Novak Djokovic

Novak Djokovic of Serbia returns a shot against Roger Federer of Switzerland during the men's semifinal of the Sony Ericsson Open at the Crandon Park Tennis Center on April 3, 2009 in Key Biscayne, Florida. (Matthew Stockman, Getty Images / April 3, 2009)

A vulnerable Roger Federer isn't used to playing the role of underdog. But he's getting used to it.

The second-seeded Federer, who seemed to have a clear path to the final once his arch nemesis and world No. 1 Rafael Nadal was dispatched by Argentine Juan Martin Del Potro on Thursday, stumbled again, this time against Serb Novak Djokovic 3-6, 6-2, 6-3 in Friday's early semifinal at the Sony Ericsson Open.

Playing in blustery conditions, the normally stoic Swiss unraveled after littering the purple courts with a bucketful of forehand errors. Trailing 0-2, 15-0 in the third set he was set up for an easy midcourt forehand, but inexplicably he found nothing but net.

He then fired his most accurate stroke of the windy day when he slammed his Wilson racket into the court. At first, Federer, who recently was named the tour's Sportsman of the Year for the fifth straight year, was serenaded with boos from the shocked gallery. But then realizing that perhaps a little emotion would help turn the match around, the jeers turned to cheers.

"It must've been here against Rafa,'' a teary-eyed disconsolate Federer said was the last time he broke a racket in anger, referring to the 2005 Sony final when he trailed Nadal two sets to none before coming back to win. "There's so much wind today and once you start feeling bad it's tough to regroup. One end you had the sun in your eye, it was really tough on the ball toss. .. But it's the same for both players. Once one guy gets the upper hand, the other guy is a bit uncertain.

"It's tough but he struggled big time in the first set so you know to finish worse than him … I had a great effort by finishing even worse than him.''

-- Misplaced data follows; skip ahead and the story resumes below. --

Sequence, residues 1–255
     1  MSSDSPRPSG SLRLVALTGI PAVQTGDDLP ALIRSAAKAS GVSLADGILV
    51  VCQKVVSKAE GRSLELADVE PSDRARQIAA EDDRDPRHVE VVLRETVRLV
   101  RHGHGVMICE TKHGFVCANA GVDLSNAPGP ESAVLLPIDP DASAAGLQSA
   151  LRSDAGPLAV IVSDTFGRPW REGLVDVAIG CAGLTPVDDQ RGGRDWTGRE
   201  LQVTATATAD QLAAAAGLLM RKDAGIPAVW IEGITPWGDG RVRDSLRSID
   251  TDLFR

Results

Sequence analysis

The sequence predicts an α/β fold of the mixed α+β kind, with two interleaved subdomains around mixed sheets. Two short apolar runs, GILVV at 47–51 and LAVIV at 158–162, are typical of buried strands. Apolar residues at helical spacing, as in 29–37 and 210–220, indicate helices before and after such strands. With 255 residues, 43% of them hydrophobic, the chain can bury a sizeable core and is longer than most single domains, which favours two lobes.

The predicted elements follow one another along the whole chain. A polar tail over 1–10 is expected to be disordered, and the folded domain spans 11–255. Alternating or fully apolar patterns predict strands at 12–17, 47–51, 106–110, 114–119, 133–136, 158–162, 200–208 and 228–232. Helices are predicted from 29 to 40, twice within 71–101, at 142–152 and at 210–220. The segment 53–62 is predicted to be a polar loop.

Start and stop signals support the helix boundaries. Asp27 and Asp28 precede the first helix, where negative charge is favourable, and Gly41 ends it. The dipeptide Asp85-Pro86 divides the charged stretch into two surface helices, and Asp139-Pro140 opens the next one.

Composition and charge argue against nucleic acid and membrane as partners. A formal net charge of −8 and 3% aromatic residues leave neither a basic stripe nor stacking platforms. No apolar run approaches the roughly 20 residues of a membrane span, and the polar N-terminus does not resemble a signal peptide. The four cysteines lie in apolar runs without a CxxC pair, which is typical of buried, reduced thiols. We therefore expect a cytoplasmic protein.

Federer's serve was broken just once all tournament before the semifinal, but Djokovic broke it six times, reaching his seventh Masters 1000 finals. He is 4-2, including a victory here in 2007.

Nothing helped the seemingly lost 13-time Grand Slam champion, who has had trouble dealing with his newfound status as the second best player in the world. Federer, 27, picked up his crumpled stick, but was unable to pick up his game and soon he was down two breaks and 0-4.

The third-seeded Djokovic has had his own identity crisis with the fans as the entrenched No. 3 player in the world. He has been accused of feigning injuries when trailing in matches, and has been criticized by players for his imitations of them.

He tried to let Federer back in with two double faults sandwiched between a silly drop shot to hand one of the breaks back. At 4-2, Djokovic served out a love game for a 5-2 lead. Federer, playing his most relaxed game since the first set, ended his serve with consecutive aces to force Djokovic to serve for the match.

No problem as again Federer donated with three more forehand errors, giving him 35 on the day to set up match point. After returning a 126-mph serve, a 10-stroke rally ensued with Federer slicing back Djokovic forehand blasts until the last one drifted long, causing the Serb to pound his chest and his countryman to wave the many flags in the stands.

Other than Federer tossing his racket in disgust he shocked the media even more when he thanked 'God,' for the end of the hard court season. This coming from the player who has won 38 tournaments on hard courts, including eight of Slams on the concrete, as well as two here in 2005-06.

"It's the end of the hard court season,'' he said. "I don't care anymore. I'm moving over to clay, a new chapter.''